Queer Places:
Paper Mill Playhouse, 22 Brookside Dr, Millburn, NJ 07041, Stati Uniti
Cherry Lane Theatre, 38 Commerce St, New York, NY 10014, Stati Uniti
Cherry Grove Community House and Theater, 180 Bayview Walk, Bay Shore, NY 11706, Stati Uniti
Carrington House, Lewis Walk, at eastern terminus of Ocean Walk, Yaphank, NY 11782, USA
St Stephen, 119 Main St, Millburn, NJ 07041, Stati Uniti

Image result for "Frank Carrington" 1975Frank Carrington was born on September 13, 1894 on an army base on Angel Island, California. This birth date was drawn from federal census records (the social security death index differs slightly, listing Carrington's birth date as 1893). However, Carrington was generally evasive about his age and frequently exaggerated his youth. His World War II draft registration card lists his birth date as September 13, 1896, a Freemason's member guide lists his birth date as 1901, and his obituary does not assign a date to his birth.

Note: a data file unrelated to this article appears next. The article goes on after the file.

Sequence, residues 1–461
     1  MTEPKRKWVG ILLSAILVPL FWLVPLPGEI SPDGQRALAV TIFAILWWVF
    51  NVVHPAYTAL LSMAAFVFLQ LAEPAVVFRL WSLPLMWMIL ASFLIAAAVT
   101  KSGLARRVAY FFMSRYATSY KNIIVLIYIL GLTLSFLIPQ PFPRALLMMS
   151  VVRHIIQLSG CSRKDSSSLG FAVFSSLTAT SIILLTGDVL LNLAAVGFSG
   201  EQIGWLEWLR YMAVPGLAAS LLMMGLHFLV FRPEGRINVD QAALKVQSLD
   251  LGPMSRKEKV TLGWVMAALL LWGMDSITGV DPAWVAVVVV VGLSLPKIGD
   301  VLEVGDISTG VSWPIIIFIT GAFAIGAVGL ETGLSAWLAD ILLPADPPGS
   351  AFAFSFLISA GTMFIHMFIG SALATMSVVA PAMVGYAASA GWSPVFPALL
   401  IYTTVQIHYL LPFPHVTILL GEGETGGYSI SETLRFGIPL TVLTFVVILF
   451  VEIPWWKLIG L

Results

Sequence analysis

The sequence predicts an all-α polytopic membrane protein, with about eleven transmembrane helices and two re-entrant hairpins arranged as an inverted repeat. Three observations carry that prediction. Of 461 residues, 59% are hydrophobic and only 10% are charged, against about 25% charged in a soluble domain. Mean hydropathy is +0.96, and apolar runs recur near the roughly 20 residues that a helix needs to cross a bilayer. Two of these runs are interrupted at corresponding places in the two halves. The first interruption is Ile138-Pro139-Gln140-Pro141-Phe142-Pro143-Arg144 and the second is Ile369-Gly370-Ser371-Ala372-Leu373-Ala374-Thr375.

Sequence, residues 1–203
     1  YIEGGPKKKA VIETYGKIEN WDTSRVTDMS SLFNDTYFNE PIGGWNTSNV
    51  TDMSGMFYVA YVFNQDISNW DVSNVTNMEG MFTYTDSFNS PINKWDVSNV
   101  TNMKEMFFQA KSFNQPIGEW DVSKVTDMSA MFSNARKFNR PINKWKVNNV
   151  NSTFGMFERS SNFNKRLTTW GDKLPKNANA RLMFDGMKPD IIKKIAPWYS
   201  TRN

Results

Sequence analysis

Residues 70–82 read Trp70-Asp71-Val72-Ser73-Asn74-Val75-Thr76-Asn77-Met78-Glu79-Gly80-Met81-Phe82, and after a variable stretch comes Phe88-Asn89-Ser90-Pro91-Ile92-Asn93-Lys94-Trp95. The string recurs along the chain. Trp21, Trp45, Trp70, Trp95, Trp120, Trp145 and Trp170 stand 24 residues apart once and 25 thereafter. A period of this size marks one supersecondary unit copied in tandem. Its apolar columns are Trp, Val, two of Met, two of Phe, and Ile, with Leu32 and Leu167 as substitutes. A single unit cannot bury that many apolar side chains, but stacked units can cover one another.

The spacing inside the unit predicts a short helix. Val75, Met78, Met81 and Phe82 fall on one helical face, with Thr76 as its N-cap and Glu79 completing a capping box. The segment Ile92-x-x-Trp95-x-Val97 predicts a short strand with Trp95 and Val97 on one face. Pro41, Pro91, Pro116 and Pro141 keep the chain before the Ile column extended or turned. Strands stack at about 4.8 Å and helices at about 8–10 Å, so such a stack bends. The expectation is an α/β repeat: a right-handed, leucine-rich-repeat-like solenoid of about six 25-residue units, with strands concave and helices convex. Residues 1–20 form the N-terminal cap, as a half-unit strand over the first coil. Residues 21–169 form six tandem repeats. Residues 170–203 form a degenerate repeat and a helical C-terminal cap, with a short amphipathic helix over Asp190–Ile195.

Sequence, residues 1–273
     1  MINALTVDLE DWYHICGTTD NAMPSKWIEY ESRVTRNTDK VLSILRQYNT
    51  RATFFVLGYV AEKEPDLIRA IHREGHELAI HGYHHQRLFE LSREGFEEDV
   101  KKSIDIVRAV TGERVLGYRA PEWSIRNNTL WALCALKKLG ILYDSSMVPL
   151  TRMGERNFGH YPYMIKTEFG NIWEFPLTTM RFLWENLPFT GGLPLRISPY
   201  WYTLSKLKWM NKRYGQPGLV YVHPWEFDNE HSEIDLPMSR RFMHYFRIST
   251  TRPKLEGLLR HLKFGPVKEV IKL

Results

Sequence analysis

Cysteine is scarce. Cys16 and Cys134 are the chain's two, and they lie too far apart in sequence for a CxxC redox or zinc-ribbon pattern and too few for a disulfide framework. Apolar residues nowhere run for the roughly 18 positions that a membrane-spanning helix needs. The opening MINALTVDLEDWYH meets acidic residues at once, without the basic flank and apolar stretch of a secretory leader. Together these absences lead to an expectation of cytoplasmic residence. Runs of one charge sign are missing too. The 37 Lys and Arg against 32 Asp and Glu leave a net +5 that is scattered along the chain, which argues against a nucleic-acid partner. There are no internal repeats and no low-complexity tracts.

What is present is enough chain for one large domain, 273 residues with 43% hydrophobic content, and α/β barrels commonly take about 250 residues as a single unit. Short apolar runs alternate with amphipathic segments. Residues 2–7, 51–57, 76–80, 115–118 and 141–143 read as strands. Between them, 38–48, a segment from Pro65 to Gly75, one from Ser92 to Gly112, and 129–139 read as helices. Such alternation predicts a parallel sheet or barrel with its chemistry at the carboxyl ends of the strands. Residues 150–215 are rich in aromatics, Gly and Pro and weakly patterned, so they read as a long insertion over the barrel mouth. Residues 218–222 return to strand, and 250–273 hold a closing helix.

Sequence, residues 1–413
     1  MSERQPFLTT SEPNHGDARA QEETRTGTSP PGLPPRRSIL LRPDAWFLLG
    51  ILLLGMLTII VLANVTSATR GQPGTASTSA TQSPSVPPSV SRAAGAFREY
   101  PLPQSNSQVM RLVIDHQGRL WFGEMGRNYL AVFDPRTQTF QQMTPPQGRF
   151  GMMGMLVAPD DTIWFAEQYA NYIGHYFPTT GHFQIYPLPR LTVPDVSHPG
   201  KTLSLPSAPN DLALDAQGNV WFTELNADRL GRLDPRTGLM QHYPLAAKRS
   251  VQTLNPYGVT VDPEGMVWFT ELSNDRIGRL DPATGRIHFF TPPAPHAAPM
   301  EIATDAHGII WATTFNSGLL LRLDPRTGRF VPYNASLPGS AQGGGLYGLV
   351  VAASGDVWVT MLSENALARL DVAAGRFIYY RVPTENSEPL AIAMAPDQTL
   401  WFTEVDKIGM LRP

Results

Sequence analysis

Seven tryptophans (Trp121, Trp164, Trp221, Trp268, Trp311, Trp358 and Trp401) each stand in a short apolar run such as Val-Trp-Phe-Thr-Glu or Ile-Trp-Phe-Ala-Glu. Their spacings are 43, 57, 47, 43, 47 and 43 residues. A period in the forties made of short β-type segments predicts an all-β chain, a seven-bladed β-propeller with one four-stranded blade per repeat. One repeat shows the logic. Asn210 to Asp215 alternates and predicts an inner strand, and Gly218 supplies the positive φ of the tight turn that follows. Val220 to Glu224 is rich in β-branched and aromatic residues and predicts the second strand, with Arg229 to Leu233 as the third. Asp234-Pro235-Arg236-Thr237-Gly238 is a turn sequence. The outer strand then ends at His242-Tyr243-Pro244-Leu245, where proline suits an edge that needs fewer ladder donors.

Frank's father, Major Frank de L. Carrington (1855-1940), was an army commander. Born in Georgia, Major Carrington served during the "Sioux Uprisings" in the West, was an instructor with the California National Guard, and led a regiment in the Philippine Islands (Anon 1940 : 27). Carrington's mother, Nina, was born in Pennsylvania in 1863. Frank had two elder sisters , Leighla (b. 1887) and Gene (b. 1893). In 1900, census records show that the family resided in the Vancouver Barracks in the State of Washington with Nina's mother, Carolina Adimson, and a servant.